In this edition: Great Divide, BrewDog, The Lost Abbey, Weyerbacher, Oakshire and Yazoo Brewing.
…From Great Divide Brewing‘s newsletter this week, “Oak Aged Yeti and our 4 time GABF award-winning Hibernation Ale are both currently on shelves. January 2011 will see the release of Belgica and Espresso Oak Aged Yeti.”
…The Lost Abbey reveals the T.E.A.‘s that are being tasted tonight. The winner will become a special release in 2011.
…From The Beeryard, “Weyerbacher Brewing Co. will add Verboten Belgian-style Pale Ale to its year-round offerings in November. The official Nov. 12 release date will be marked by a special event at the Easton brewery at which 2010 Riserva American Wild Ale will also be released and the latest release in Weyerbacher’s ongoing Brewer’s Select one-off series, November, will make its debut. this one is a 7.8% Imperial Brown Ale which is infused with a dark roast gourmet blend from a local coffee roaster. Tiny Belgian Strong Ale, which is brewed on an occasional basis, will be available that evening as well. The event will run from 5-7pm. The beers will also be available at the brewery the following day from Noon to 3pm.”
…From the Oakshire Brewing blog, “On Monday November 1st, we will roll out the next in our Single Batch Series of beers and the 2nd lager we have produced at Oakshire. Novemberfest is a marzen-style lager. With an Orange hue and a biscuity malt body, this lager is hearty, yet smooth. And at 5.8% abv, it is very accessible. You’ll need to be quick, though, our last Single Batch beer, Three Hearted, blew out of the brewery in a mere 8 days. Ring in the election week and get ready for the Holidays with a pint of Novemberfest Lager. As always, Single Batch Beers are draft only, available at the brewery during Dock Sale Hours and also available at select draft establishments who make a habit of rotating rare beer through some or all of their handles.”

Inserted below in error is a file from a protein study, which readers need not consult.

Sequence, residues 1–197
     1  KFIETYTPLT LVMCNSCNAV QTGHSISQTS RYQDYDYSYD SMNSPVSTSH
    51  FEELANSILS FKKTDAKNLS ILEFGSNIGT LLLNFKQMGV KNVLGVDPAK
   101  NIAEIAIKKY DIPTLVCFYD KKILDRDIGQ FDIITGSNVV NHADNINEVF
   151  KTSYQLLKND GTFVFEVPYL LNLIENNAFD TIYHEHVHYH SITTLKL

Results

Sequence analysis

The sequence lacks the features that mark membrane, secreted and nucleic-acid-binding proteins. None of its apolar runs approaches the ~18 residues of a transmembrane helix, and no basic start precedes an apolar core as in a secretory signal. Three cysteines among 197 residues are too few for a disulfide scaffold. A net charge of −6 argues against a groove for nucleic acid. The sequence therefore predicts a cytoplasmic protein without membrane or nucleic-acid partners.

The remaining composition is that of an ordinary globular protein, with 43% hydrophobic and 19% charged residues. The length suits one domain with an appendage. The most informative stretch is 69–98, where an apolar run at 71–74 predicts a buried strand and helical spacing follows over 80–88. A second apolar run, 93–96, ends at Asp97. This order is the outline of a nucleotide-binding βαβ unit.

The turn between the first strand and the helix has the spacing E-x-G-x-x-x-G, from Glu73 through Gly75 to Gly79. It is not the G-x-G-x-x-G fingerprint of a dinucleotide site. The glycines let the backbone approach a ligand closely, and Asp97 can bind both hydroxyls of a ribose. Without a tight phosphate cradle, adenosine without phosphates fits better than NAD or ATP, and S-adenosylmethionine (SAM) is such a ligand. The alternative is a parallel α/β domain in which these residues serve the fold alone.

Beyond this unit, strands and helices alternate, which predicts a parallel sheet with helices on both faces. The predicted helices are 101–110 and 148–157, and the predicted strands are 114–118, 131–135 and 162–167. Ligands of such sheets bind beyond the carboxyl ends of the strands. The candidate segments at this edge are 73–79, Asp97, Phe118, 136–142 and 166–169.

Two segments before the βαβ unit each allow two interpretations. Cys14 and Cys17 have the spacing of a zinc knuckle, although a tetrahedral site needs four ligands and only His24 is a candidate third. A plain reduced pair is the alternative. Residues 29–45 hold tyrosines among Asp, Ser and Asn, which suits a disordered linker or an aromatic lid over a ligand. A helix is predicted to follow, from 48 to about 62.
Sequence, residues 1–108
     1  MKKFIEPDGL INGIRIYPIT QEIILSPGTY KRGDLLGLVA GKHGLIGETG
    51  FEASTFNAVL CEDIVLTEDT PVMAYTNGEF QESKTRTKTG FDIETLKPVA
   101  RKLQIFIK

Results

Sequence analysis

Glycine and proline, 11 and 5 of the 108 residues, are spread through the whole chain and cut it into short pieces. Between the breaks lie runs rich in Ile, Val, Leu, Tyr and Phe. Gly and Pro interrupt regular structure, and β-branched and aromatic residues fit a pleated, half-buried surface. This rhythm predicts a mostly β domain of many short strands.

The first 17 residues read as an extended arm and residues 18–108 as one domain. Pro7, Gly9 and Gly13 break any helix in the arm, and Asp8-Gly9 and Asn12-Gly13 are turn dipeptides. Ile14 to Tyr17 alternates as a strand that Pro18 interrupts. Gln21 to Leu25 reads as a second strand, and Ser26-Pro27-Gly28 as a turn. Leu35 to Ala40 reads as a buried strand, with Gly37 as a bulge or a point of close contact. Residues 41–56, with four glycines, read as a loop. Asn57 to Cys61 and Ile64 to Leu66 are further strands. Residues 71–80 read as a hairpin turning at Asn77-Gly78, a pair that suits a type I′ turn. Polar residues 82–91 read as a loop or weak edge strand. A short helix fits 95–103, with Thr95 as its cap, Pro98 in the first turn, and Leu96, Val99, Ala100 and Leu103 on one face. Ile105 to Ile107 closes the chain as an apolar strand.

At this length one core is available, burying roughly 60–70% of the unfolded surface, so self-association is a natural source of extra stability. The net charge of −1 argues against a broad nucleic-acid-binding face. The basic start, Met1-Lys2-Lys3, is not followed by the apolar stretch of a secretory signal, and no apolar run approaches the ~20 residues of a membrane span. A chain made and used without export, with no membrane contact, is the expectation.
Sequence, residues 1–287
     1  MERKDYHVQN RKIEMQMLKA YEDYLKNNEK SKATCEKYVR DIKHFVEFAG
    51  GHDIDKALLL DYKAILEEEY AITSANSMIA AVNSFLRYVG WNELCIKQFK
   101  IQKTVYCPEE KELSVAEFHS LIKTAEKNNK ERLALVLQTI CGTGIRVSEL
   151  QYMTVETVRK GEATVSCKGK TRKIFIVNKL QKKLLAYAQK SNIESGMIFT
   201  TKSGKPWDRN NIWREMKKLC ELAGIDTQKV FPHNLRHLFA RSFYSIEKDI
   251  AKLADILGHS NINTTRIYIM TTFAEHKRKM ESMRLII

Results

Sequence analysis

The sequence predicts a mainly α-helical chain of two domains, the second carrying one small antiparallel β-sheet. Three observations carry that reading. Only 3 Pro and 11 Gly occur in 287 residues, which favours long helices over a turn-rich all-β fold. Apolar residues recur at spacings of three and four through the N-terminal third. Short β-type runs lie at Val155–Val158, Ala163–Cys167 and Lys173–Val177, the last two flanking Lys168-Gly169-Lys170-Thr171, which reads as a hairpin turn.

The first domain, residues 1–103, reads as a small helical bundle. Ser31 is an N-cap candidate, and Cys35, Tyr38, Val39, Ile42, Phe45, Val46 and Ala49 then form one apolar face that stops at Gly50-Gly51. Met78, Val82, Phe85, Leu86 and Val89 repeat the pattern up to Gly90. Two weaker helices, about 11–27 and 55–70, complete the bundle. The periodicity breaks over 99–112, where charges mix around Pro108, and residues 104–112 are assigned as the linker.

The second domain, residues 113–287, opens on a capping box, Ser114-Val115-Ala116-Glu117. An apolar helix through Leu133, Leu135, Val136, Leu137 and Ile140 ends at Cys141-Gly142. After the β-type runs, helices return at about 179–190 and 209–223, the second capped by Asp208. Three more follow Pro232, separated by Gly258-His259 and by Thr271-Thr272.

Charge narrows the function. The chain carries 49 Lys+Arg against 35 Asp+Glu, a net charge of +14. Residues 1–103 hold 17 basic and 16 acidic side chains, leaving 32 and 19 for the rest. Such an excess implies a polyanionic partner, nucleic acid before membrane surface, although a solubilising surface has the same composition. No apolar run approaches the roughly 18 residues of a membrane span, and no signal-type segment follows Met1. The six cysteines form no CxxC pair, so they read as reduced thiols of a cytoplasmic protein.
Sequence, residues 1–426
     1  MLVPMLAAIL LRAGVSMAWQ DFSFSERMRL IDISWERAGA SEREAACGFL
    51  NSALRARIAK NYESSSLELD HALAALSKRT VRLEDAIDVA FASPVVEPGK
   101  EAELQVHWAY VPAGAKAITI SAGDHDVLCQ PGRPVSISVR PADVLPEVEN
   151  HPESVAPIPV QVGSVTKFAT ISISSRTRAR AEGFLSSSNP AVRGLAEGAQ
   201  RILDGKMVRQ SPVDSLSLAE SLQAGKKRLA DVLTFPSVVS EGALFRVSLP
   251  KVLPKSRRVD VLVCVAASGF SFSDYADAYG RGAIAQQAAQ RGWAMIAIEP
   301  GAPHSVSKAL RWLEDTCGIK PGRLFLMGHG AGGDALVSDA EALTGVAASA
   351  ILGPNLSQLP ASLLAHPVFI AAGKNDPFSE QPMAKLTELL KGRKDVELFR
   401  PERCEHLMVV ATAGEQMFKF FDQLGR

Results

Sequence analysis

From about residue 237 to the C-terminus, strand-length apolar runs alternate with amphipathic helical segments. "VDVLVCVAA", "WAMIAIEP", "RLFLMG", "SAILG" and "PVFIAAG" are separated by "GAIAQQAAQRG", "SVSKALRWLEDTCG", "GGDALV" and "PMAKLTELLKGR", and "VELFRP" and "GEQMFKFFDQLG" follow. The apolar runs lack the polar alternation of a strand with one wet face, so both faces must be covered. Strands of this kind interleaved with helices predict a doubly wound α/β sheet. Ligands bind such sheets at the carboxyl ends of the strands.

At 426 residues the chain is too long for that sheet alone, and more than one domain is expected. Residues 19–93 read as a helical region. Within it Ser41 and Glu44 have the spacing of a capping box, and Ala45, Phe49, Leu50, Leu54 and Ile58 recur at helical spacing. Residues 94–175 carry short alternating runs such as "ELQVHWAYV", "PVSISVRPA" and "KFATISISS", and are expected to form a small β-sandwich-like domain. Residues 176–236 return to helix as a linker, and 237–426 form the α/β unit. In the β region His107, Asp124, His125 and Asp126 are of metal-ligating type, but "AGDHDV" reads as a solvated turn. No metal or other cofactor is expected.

…From Yazoo Brewing‘s blog, “If you have been by the brewery the past few months, you may have seen some small 5 gallon wooden casks by the taproom window. They came from our friends at Corsair Artisan Distillery, at our old address of 1200 Clinton. The casks held an experimental bourbon, but we filled them with Sue from the fermenter back in August. Now, distillers use five gallon barrels for experimenting in, because the spirit ages faster in the smaller barrels, and you can see what it’s going to taste like in a shorter time. Well, the same goes for beer in smaller barrels – this beer is full of vanilla and oaky bourbon flavors after just three months, but nicely balanced with a sticky sweet and roasted beer. We will be doing more – but, if you would like to try one of the very few kegs we got out of this experiment, come down to the Nashville Flying Saucer this Wednesday night for a pint night featuring our Barrel-Aged Sue! We’ll get started about 7 PM.”